The fervor around Animal Crossing: New Horizons’ Raymond is so potent that for some people enjoying the game, the whole thing has evolved past mere enthusiasm and shifted into something darker. For content creator PokéNinja, watching people give out hundreds of Nook Miles tickets, or forking over real money just to have a smug cat in their village, felt deeply wrong.
“When you’re a father and you see certain things happening,” PokéNinja told Polygon in a private Twitter message, “It hits a little differently sometimes.”
While New Horizons has broken into the mainstream, it also holds a unique appeal to children, who love its cast of bright and quirky animal friends. And with a growing economy where virtual items are being sold for actual tender, the temptation to buy whatever you covet is a constant one — especially when the alternative is spending dozens of hours grinding Mystery Island visits for a tiny chance of getting the villager you want.
“I kind of envision these kids begging their parents for the most popular villager in the game, and I know there are many parents (especially now) that simply can’t afford to do that,” PokéNinja mused.
And so the content creator hatched a plan. Using a save editor running a hacked version of the game, PokéNinja decided to just ... materialize as many Raymonds as he could. While it’s not possible to import the feline via the use of amiibo, there are no such restrictions in a save editor, which allows you to generate anything that’s in the game. He then put out a call on social media, letting people know that if they wanted Raymond, they could have him.
How I stand when I'm waiting for dozens of people to come get the villager of their dreams pic.twitter.com/qmjzw1SRh8— PokéNinja (@iPokeNinja) May 18, 2020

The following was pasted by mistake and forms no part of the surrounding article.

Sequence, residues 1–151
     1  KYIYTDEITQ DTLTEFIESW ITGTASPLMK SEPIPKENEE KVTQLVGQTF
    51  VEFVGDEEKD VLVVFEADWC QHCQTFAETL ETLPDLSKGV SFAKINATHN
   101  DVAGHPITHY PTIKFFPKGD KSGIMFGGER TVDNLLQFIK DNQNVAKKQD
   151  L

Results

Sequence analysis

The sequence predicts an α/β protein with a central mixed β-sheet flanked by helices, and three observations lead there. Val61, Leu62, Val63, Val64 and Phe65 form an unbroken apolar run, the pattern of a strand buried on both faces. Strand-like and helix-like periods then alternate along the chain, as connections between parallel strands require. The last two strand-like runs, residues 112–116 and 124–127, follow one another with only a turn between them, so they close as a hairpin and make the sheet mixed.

No catch. No need to follow or share the message announcing the giveaway. No bells or Nook Miles Ticket required. If you expressed interest and had an empty lot for him, Raymond could be yours.
Within a span of about 12 hours, PokéNinja estimates that about 50 people responded to his post. The group spanned players who had spent ages trying to find Raymond to no avail, to even one player who wanted to surprise his girlfriend with her biggest dreamie.
Over the course of about six hours, PokéNinja filled his island over and over again with requested villagers — Raymond was the primary target, but there were other asks, too, like Marshall, Sherb, and Judy. Folks would come over, find their requested villager in boxes, and persuade them to move to their town. Then, after the players left, PokéNinja would load the save file again for a new crop of visitors. He estimates that over the course of the day, he gave away around 30 Raymonds across the world.
Players tried to say thanks in the form of bells and items, but for PokéNinja, that wasn’t the point of the exercise.
“The goal was to give and not demand like all the other scalpers right now,” he said.
In the face of an ecosystem that spans millions of players, giving away a couple dozen digital villagers may seem like a tiny gesture. Still, it’s a meaningful one. The popular narrative around the game has become one of greed, thanks to customs like charging for entry to islands or the hyper-visibility of the Stalk Market.
But the fandom is more than just a microcosm of capitalism. Less flashy but just as important are the parts of Animal Crossing culture where generosity rules the land. You’re more likely to find players running cataloging parties and DIY swap meets than you are to find fans who won’t get out of bed for less than a Nook Miles ticket. It turns out that, in the right hands, Raymond can be a part of that gentler culture, too.
“I’d like to say I made a small difference,” PokéNinja said. He knows that the frenzy around Raymond won’t die out anytime soon, but he hopes that with the increased activity around hacking, more folks like him will endeavor to do good. He’s already thinking about doing all of this again.
“It was time well spent,” he remarked.
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